Meet International Power Supply (IPS), a Bulgarian family firm that has virtually no projects in Bulgaria but is known in nearly 60 other countries. Its main product, the Exeron system, provides independent power supply for remote sites, using renewable sources of energy.
Though it sounds simple, the latest project of the company is not only a market advance but also a technological breakthrough in this area. IPS recently finished a project to supply power to three natural gas wells of Saudi Aramco, which is the first such technological application in the world. The successful completion of the project for the world's largest oil and gas company opens unlimited opportunities for IPS.
To be noticed by Aramco
Alexander Rangelov, CEO of IPS, says he targeted Saudi Arabia as a personal challenge. On the one hand, the market there is specific and difficult to access. On the other, the client is the world's largest oil and gas company. IPS first tried to get in contact with Saudi Aramco seven years ago but without success. "That is a huge structure with 80,000 people and reaching someone who will notice you are very hard," Rangelov says.
This changed in 2014 when IPS's Exeron won the world ees AWARD (electrical energy storage prize) in Germany for the best system for autonomous power supply and storage. The company was then invited to present its technology at Saudi Aramco's headquarters but, as Rangelov says, "for them we were just another best company". The Arab giant had already made many unsuccessful tests and considered RES-based power supply systems to be unreliable.
"They explained to us it was not just a question of power supply and that we had to tackle problems such as the overheating of electronics, damage to batteries from the heat and preventing the access of thieves. Besides, the system should require no service as it is extremely expensive to send a team 300 km into the desert, which meant we could not use filters in the air ventilation system, as they would have to be regularly replaced because of the sand," Rangelov recalls.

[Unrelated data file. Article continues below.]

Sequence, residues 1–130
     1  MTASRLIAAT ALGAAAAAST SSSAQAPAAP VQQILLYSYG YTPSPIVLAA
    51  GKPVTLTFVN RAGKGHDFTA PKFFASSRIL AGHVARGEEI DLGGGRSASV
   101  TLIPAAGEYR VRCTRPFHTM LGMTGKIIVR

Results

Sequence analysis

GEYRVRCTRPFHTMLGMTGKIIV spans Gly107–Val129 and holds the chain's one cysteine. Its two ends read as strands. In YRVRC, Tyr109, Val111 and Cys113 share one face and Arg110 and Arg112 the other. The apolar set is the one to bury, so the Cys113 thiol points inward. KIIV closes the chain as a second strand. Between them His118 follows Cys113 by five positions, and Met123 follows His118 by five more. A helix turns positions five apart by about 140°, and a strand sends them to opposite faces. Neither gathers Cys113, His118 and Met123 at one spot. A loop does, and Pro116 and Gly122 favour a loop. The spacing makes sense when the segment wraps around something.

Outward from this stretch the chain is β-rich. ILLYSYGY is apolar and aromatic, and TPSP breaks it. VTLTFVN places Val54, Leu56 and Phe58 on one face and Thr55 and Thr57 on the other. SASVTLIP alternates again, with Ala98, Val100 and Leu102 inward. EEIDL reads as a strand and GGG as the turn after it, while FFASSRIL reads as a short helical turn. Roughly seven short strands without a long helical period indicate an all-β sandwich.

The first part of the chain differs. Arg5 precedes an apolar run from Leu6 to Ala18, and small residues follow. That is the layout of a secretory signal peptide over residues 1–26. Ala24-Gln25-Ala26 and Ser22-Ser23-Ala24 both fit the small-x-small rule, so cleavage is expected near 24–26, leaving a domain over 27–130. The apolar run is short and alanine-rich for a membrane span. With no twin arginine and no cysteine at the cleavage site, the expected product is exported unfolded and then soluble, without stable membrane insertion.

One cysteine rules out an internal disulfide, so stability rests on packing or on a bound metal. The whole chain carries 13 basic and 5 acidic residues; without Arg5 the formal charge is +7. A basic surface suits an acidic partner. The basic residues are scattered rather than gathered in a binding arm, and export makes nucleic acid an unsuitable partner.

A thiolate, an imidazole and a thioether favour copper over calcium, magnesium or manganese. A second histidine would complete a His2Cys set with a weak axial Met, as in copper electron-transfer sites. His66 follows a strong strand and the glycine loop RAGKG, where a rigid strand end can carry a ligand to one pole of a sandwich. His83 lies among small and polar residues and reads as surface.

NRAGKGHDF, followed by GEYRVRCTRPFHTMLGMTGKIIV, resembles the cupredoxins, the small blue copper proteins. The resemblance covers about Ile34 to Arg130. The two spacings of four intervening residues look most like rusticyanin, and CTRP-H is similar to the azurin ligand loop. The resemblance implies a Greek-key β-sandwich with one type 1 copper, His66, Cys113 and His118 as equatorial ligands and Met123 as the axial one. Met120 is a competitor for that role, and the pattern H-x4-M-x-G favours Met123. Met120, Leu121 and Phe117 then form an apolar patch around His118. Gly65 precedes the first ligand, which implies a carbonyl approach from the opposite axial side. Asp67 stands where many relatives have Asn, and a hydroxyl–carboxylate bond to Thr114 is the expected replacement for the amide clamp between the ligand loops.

When he said they could solve all those problems, Rangelov actually had no idea how that would happen. "But I was confident that our R&D team would do it because we have not had a failure so far," he adds. In the end, Saudi Aramco decided to give them a try.
The development of all those solutions took IPS two years. Instead of a standard air conditioning system with a compressor IPS made an innovative cooling system with semiconductors, developed systems for air filtering without filters and made an electromagnetic locking system for the equipment container so that it could only be opened with an access code. It also solved the high-temperature issue by using military-standard electronics that can work at 80 degrees Celsius without cooling and extended the battery life by 50%.
The first site where the system was installed was in the Safania area, where the temperature reaches 56 or 57 degrees in summer. The project was cathodic protection of pipes against corrosion: power is generated during the day and stored for the night so that there can be a constant supply of electric current to prevent rusting.
"All the managers came to see it, because the system really worked," Rangelov says. Three years later, it continues to perform excellently. "We have had no failure and no-one services it, so that saves substantial expenses for Aramco," he explains.
The success of the first project opened the door to other projects in Saudi Arabia for IPS. The key contract was awarded less than a year ago: the company was assigned the development of a system for power supply of three wells for unconventional gas. The problem of such deposits is that they are numerous but their reserves are small - three to five years - which makes the construction of a power-transmission system too expensive. The alternative had been to use diesel generators for power supply. Renewable sources had been considered unreliable, as the wells are strategic sites for the kingdom. After IPS's technology was successfully applied for cathodic protection, however, Aramco's views changed and it decided to try the technology for the wells.